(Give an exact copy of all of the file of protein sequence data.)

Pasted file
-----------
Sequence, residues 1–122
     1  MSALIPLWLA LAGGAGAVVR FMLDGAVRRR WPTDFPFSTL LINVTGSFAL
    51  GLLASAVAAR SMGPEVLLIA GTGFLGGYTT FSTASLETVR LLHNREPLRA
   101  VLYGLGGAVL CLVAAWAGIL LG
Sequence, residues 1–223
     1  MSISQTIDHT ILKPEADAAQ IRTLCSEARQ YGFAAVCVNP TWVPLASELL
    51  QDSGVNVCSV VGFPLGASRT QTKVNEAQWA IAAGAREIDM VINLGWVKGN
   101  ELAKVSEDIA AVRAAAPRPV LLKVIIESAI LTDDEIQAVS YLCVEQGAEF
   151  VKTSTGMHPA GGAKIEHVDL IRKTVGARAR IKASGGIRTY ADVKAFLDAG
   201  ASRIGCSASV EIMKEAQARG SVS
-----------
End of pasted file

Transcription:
Sequence, residues 1–122
     1  MSALIPLWLA LAGGAGAVVR FMLDGAVRRR WPTDFPFSTL LINVTGSFAL
    51  GLLASAVAAR SMGPEVLLIA GTGFLGGYTT FSTASLETVR LLHNREPLRA
   101  VLYGLGGAVL CLVAAWAGIL LG
Sequence, residues 1–223
     1  MSISQTIDHT ILKPEADAAQ IRTLCSEARQ YGFAAVCVNP TWVPLASELL
    51  QDSGVNVCSV VGFPLGASRT QTKVNEAQWA IAAGAREIDM VINLGWVKGN
   101  ELAKVSEDIA AVRAAAPRPV LLKVIIESAI LTDDEIQAVS YLCVEQGAEF
   151  VKTSTGMHPA GGAKIEHVDL IRKTVGARAR IKASGGIRTY ADVKAFLDAG
   201  ASRIGCSASV EIMKEAQARG SVS